It was an emotional farewell as representatives from the Plumas Public Health Agency said goodbye to two longtime coworkers at the regular Board of Supervisors meeting Dec. 18,
Public Health Agency Director Andrew Woodruff shed a few tears as he said he must say goodbye to two incredible public servants, Linda DeWolf and Edie O’Connor.
Linda DeWolf didn’t launch her career in nursing until she moved to Plumas county in 1984 from Paso Robles. “It was not until 1989 that I started my journey to become an RN by enrolling in, at the time, the Plumas-Sierra Vocation LVN program,” she said. “I graduated in 1991 and started working at the Plumas Community Clinic, which Edie O’Connor started in 1988.”
DeWolf went on to Butte College where she joined the LVN-RN program in 1994. She became a registered nurse the following year. “I started working as a fill-in clinic nurse at Public Health in 1993 and became a permanent employee in 1998 and the rest is history,” she recalled.
DeWolf said she thought the biggest change she’s seen at the department is being able to bring so many needed programs to the county. For example, the home visiting/First 5 program for infants-to-young children and their families. This program provides education, resources, and support to at-risk populations, she said. “To me that is the shining star for the department.”
Another great thing that happened was just this past year when Public Health became one of the first rural Public Health Departments to become accredited, which has high standards that must be maintained.
Woodruff stated that DeWolf has “worn quite a collection of hats,” during her time with the department. He said she has been an incredible leader among the team in the health department. He also called her steadfast.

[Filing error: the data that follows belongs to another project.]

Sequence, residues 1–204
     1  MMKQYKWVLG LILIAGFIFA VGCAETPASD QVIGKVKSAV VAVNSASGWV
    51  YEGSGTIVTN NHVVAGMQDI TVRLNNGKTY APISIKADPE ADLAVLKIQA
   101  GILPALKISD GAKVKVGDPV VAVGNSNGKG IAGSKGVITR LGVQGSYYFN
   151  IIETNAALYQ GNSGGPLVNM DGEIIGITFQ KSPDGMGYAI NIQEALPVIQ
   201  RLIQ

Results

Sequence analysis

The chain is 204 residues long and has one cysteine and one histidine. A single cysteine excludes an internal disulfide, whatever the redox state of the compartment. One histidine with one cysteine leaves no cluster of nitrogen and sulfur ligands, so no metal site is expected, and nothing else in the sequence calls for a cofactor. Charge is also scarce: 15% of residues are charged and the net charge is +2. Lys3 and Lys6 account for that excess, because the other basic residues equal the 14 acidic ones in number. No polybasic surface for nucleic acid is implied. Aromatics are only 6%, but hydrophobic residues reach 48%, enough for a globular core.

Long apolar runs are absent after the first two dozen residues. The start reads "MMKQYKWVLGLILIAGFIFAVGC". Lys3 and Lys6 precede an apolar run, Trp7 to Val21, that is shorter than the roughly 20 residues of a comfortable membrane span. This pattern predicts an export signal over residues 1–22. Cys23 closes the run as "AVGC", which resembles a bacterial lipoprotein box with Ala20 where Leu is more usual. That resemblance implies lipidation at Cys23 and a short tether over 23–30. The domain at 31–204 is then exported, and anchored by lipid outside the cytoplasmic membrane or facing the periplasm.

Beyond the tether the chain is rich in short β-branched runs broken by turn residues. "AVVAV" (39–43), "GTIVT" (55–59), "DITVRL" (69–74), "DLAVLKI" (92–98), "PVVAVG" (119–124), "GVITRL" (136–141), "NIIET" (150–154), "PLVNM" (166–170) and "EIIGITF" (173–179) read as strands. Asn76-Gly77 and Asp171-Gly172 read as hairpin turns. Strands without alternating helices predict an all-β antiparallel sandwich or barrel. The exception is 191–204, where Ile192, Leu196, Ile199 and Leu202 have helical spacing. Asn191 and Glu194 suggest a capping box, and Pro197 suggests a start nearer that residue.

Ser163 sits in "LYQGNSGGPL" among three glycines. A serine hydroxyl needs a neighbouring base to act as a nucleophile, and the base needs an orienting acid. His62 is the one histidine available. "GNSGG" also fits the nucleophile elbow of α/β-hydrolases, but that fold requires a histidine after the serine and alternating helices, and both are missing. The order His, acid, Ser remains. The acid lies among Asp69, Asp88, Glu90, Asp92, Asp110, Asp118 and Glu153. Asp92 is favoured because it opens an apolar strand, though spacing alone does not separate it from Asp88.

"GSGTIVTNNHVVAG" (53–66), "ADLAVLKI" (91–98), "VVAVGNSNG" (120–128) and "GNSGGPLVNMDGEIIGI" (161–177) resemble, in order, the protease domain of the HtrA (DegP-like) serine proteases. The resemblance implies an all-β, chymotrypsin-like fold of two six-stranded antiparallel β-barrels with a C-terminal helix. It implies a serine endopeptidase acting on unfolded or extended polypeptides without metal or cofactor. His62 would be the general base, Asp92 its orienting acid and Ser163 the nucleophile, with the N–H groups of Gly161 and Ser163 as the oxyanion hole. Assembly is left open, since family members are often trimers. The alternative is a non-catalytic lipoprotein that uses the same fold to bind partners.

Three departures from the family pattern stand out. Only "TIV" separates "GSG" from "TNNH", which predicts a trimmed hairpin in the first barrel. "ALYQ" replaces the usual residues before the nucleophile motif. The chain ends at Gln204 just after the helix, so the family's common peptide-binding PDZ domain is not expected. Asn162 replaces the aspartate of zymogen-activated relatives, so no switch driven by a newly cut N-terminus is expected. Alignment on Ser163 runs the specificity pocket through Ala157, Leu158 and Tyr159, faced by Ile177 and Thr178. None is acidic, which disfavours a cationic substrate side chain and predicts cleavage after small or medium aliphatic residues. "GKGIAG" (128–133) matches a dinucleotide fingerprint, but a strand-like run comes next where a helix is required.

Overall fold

Edie O’Connor began her career in Plumas County as a physician’s assistant to start the Plumas Community Clinic. Later she worked with Dr. Lawrence Price, and then joined Plumas District Hospital’s physicians’ program.
It was in 2001 that she started working at the Plumas County Public Health Agency.
“Over the years we have added the ability to test for more and more infections,” O’Connor said about her role in the department’s reproductive and sexual health programs. “We can check on site for HIV and Hepatitis C,” she said.
“We now have many more birth control options: pills, patches, rings, shots, intrauterine devices (three kinds) and the implant that goes into the arm,” she listed. “We have free male and female condoms now.” And the program has two kinds of morning after pills.
“Also, we now have Gardasil shots to combat human papilloma virus (HPV). We now know that HPV causes more mouth and throat cancer than tobacco! HPV also causes cervical cancer and, yes, anal cancer,” O’Connor explained.
O’Connor said that she’s loved serving Plumas County for so many years. “I will miss all my patients so very much.”
Woodruff stated that O’Connor has worked with “nearly a generation of men and women when and if to have children and doing that with privacy and care.”
Director of Nursing Linda Venable said that she’s enjoyed working with O’Connor over the years. “You show pride in your work,” she said.